Sister of jailed Maserati driver pleads with court to hand over vehicle

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Sister of jailed Maserati driver pleads with court to hand over vehicle

SINGAPORE: The sister of a Maserati driver who is trying to lose his car to the state over his repeat driving offense pleaded with the court on Wednesday to have the vehicle returned.

Lee Cheng Yan's sister told the district court that she and her elderly parents had been paying for Lee's hefty legal fees and supporting his four-year-old twin daughters in Japan on the understanding that they would be repaid with the car proceeds.

Lee, 39, is currently serving a maximum sentence of six years and eight months.

He has two lifetime driving bans - one that he meted out to him for a 2017 incident in which he dragged a police officer who was trapped in his Maserati door along the road. The second was given in 2022 for offenses including reoffending by driving while banned and evading the police.

Wednesday's hearing was for the forfeiture of the Maserati, which was used in the 2017 offense.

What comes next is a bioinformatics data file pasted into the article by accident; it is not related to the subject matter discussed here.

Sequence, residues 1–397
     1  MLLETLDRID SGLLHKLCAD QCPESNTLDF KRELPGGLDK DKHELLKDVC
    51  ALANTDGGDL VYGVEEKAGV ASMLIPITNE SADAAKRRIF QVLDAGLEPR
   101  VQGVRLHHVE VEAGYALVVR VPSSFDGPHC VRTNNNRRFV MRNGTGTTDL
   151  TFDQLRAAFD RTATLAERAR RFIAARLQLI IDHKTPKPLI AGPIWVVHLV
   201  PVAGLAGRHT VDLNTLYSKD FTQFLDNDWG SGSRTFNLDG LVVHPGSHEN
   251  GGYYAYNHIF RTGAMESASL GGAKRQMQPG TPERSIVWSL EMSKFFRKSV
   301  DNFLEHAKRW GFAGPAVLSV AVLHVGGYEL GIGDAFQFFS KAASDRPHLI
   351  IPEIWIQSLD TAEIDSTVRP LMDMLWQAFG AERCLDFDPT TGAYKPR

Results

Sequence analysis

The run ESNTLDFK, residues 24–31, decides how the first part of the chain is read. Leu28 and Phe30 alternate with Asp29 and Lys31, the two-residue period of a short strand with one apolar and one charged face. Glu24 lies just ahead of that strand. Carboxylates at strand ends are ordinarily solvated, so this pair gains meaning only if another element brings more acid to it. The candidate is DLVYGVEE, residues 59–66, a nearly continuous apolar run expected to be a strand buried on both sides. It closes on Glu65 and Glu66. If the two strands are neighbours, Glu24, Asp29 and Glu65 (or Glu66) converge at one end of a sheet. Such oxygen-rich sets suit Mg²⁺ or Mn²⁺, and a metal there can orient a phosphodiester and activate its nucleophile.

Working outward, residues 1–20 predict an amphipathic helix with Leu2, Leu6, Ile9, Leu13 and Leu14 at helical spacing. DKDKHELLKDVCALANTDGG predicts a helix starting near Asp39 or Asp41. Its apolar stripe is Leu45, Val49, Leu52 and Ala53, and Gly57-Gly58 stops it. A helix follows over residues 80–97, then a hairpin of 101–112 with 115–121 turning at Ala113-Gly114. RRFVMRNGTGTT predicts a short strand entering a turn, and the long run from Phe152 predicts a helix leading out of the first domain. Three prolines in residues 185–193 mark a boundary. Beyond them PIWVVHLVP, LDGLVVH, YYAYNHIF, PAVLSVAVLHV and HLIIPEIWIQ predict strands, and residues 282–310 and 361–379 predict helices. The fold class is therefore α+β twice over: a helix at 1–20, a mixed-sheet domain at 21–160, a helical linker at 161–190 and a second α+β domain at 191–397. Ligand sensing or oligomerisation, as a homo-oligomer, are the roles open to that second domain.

The road traffic act states that if a repeat offender uses a vehicle he owns to commit certain offenses, the public prosecutor can apply for the vehicle to be forfeited under certain circumstances and the court must order it.

Deputy Prosecutor Timotheus Koh asked for the case to be adjourned for four weeks for two reasons: first, for Lee's family to prepare any submissions and second, for the prosecution to perform checks on whether any credit companies are linked to the purchase of Maserati.

The cost of the Maserati and its value are figures that are unascertained.

Lee, who appeared in person in a purple prison jumpsuit and blue mask, did not want to address the court directly.

He spoke through an interpreter first to ask if he was suspended or disqualified at the time of the 2017 offense.

He was told he was disqualified and was driving while under disqualification when he dragged the police officer with his Maserati.

He hoped to be given a chance to claim his car back.